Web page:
"Wishful Thangs" - Big Sam's Funky Nation
In the world of professional wrestling there is this concept of "The Pop." It refers to the reaction from the crowd when a grappler is introduced, accompanied by instantly recognizable theme music, similarly to a fanfare for gladiators entering the Roman Colosseum. Even more so, the wrestling business has further narrowed the science of the entrance down to the initial sound that the crowd hears. Whether it is a bell toll, shattered glass, or a catchphrase, a wrestler's trademark entrance needs to electrify a crowd onto its feet.
Sadly I admit, this once actually happened to me, thanks to The Bushwackers.
The same "Pop" effect can be applied to a trombone solo. The instant sound of brass excites the human ear, and an exciting solo begins with the very first note. Your tone, your style, your presentation as you begin to play must be overflowing with confidence, attitude, and swagger. The audience does not want to wait for you to find the groove, it wants you to bring it.
Big Sam makes an entrance with his powerful tone and creates tension that eventually resolves "on the 1." In order to develop that tone, work on long tones in the upper register of the horn and focus on a crisp, clean attack. All I can say is: lots of air support. But it also depends on what note you play. If you enter "on the 1," a strong tonic note or a 5th works effectively like the power chord in rock music. But if you enter before "the 1," you must create some sort of rub that lands on the down beat. Big Sam tends to play a syncopated rhythm pattern, starting on the b7th and falling down to the tonic. Trombone Shorty is a fan of the simple slow, growly glissando up to the tonic. By developing an exciting entrance, you only set yourself up to for success in the wrestling ring… er… up on the stage. Ring the damn bell!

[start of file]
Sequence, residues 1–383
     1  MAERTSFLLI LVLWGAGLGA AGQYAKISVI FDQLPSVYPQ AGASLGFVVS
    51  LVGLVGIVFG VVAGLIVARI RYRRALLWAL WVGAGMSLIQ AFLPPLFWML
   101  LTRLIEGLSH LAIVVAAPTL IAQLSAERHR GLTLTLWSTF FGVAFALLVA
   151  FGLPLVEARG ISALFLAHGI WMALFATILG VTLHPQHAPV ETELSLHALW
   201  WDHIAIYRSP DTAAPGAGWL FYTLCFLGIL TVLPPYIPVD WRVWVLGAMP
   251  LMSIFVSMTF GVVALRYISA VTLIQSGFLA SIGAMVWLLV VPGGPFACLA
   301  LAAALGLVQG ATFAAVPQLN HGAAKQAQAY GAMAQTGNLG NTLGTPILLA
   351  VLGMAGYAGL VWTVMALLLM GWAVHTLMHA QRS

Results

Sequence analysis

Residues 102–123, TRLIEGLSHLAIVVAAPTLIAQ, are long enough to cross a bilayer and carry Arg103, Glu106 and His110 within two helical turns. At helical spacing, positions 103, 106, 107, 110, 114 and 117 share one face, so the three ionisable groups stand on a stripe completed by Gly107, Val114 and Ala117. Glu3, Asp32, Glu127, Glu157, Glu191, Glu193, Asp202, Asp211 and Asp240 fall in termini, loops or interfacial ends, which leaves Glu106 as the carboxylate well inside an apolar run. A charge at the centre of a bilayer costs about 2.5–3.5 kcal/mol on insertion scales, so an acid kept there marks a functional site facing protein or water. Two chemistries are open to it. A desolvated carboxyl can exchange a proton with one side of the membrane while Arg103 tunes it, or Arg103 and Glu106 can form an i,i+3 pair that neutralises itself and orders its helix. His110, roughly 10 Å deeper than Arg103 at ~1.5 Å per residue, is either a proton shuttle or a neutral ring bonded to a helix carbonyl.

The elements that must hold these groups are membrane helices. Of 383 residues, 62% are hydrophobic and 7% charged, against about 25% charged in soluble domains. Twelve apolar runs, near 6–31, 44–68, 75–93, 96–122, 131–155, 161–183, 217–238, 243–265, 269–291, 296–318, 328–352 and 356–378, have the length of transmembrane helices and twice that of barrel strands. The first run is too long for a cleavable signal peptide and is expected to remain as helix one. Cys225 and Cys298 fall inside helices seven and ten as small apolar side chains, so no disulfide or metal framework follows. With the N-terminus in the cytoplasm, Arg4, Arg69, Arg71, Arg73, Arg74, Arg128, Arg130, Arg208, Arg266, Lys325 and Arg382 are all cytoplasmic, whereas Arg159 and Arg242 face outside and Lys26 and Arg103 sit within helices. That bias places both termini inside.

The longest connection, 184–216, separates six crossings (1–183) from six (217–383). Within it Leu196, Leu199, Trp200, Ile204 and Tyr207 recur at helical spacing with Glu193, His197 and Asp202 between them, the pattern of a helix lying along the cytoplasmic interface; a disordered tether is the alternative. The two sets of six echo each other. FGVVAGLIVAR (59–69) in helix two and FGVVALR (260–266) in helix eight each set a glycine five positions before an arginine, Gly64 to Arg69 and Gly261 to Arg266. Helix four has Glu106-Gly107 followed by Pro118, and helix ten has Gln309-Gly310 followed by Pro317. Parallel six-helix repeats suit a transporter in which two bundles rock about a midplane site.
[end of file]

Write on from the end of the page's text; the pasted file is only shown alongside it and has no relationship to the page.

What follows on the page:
Here is YouTube video (Part 1 & Part 2) of Big Sam jamming with DJ Logic. Notice how Big Sam makes his entrances with each new beat provided by DJ Logic, setting him up for funky phrases. Also notice the use of Clyde Stubblefield's "Funky Drummer" beat in the mix.
Recommended Reading: Reading Jazz: A Gathering of Autobiography, Reportage, and Criticism from 1919 to Now, edited by Robert Gottlieb. Published by Pantheon Books.